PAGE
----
The remotely exploitable flaw in Log4j – the widely deployed Java error logging library — is being attacked by multiple actors and likely will remain so for many more months as open-source projects, product vendors, and end-user organisations patch affected systems.
Google is now adding OSS-Fuzz to the pool of answers to the internet-wide Log4j flaw, also known as Log4Shell. The bug is tracked as CVE 2021-44228 and was partially fixed in Apache Foundation’s release of Log4j version 2.15.0 last week.
OSS-Fuzz is Google’s free service for fuzzing open-source software projects and is currently used by over 500 critical projects. Fuzzing involves throwing random code at software to produce an error, like a crash, and uncover potential security flaws.
LOG4J flaw coverage — What you need to know now:
Code Intelligence makes Jazzer, an open-source fuzzing engine that’s now part of OSS-Fuzz, and has been modified to identify Log4j vulnerabilities in code in development. Google awarded Code Intelligence $25,000 for its work on the Log4j fuzzing.
“Since Jazzer is part of OSS-Fuzz, all integrated open-source projects written in Java and other JVM-based languages are now continuously searched for similar vulnerabilities,” Code Intelligence notes in a press release.
Jazzer is also capable of detecting remote JNDI lookups — a strong sign that potential attackers are scanning a network for the flaw.
JNDI (Java Naming and Directory Interface) is an interface for connecting to directories in Lightweight Directory Access Protocol (LDAP) servers, and the flaw in Log4j is found in its implementation of JNDI.
As Cisco’s Talos researchers explain, the flaw allows a remote attacker to use a simple LDAP request to trigger the vulnerability in pre-2.15 versions of Log4j, then retrieve a payload from a remote server and execute it locally on a vulnerable device.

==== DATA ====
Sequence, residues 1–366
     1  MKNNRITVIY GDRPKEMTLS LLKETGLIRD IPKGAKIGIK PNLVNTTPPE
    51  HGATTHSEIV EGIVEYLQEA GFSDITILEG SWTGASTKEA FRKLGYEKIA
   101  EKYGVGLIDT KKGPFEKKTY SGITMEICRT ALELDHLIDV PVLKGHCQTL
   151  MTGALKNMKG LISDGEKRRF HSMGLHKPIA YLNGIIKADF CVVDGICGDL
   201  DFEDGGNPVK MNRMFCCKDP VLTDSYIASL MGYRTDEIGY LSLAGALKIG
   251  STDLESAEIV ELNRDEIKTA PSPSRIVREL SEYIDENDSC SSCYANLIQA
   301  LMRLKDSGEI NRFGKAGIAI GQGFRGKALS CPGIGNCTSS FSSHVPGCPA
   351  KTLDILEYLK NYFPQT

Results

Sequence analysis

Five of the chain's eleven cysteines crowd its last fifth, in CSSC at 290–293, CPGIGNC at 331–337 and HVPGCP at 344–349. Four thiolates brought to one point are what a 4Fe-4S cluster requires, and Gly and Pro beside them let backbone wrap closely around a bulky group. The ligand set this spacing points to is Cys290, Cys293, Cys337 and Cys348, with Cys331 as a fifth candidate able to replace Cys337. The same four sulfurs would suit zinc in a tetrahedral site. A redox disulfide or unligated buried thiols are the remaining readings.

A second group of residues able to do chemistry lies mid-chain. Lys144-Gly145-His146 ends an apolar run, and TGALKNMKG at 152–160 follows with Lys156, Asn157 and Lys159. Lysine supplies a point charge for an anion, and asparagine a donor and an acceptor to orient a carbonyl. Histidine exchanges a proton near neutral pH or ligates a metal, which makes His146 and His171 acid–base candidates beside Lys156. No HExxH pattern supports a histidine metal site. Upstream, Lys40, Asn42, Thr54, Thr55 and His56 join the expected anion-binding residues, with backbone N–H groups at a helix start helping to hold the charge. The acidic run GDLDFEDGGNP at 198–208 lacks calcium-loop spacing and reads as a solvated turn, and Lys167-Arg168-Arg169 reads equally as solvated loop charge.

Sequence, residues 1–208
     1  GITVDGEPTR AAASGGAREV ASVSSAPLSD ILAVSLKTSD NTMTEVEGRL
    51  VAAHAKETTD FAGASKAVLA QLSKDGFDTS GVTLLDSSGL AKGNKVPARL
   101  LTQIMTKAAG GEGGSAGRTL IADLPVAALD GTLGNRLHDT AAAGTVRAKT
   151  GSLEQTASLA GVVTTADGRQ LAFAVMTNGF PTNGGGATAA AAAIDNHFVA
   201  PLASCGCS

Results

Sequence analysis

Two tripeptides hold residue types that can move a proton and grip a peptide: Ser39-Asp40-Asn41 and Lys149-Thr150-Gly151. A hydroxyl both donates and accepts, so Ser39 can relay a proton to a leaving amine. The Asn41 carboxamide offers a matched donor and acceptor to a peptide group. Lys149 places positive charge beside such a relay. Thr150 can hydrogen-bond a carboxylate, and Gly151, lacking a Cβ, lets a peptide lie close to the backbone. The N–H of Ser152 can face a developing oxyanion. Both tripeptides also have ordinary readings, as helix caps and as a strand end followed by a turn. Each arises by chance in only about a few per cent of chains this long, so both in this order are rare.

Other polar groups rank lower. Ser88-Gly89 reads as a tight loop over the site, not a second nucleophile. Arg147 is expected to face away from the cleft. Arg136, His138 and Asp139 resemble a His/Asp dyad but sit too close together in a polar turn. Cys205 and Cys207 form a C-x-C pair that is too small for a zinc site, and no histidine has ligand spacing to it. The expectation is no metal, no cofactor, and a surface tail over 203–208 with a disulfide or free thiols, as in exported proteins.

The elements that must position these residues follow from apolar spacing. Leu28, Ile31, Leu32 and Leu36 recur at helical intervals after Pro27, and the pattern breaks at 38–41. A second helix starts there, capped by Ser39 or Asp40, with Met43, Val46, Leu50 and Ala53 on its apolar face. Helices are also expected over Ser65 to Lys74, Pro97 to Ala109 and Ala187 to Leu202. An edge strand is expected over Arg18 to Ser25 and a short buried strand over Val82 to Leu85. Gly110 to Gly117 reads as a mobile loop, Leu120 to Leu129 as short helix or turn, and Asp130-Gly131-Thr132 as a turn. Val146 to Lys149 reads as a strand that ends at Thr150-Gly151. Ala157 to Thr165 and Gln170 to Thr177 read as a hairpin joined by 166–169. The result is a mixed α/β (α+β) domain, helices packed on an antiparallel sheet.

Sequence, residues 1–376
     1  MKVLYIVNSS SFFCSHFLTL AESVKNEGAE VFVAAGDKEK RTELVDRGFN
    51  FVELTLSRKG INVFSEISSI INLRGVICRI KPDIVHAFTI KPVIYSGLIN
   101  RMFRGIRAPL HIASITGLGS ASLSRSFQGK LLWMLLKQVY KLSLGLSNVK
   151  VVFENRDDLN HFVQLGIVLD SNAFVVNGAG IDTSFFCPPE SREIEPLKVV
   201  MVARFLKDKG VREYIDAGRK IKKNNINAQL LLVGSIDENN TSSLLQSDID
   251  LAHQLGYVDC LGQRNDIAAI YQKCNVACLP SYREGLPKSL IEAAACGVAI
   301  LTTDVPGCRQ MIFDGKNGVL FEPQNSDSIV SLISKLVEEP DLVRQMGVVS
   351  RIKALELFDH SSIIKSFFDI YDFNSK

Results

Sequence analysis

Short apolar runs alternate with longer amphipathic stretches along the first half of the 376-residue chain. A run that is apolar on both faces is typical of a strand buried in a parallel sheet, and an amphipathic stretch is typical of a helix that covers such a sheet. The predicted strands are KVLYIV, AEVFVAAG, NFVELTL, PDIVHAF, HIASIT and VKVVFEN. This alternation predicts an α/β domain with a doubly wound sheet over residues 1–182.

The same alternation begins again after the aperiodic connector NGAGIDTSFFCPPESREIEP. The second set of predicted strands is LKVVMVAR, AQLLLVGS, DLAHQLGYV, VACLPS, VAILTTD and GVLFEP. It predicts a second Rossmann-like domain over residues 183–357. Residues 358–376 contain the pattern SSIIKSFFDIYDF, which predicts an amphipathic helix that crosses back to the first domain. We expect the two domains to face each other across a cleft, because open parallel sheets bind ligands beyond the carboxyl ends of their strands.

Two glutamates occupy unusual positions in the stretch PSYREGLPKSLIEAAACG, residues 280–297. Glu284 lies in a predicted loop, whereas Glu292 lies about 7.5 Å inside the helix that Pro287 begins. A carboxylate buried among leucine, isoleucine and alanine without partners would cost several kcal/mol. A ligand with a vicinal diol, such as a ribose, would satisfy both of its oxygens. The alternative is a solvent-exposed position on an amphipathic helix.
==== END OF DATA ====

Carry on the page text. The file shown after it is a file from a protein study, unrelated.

Apache Foundation this week released Log4j version 2.16.0 to fix a second related flaw stemming from JNDI that’s being tracked as CVE 2021-45046. That flaw allowed an attacker to craft data patterns in a JNDI message lookup and cripple a machine with a denial of service (DoS).
Log4j 2.16.0 disables access to JNDI by default and limits the default protocols to Java, LDAP and LDAPS. Disabling JNDI was previously a manual step to mitigate attacks against the original flaw.
Most efforts are now focussed on vendors updating Log4j in their products and end-user organisations applying updates as they become available. For example, the US Cybersecurity and Infrastructure Security Agency (CISA) has given federal agencies until 24 December to identify all applications affected by Log4Shell. Cisco, VMware, IBM and Oracle are busy developing patches for their affected products.
LOG4J flaw coverage — How to keep your company safe:
Google’s OSS-Fuzz tackles Log4j from another angle, aiming to prevent developers from accidentally inserting the flaw in new software projects that may eventually be deployed in production environments.
“Vulnerabilities like Log4Shell are an eye-opener for the industry in terms of new attack vectors. With OSS-Fuzz and Jazzer, we can now detect this class of vulnerability so that they can be fixed before they become a problem in production code,” says Jonathan Metzman from the Google Open Source Security Team.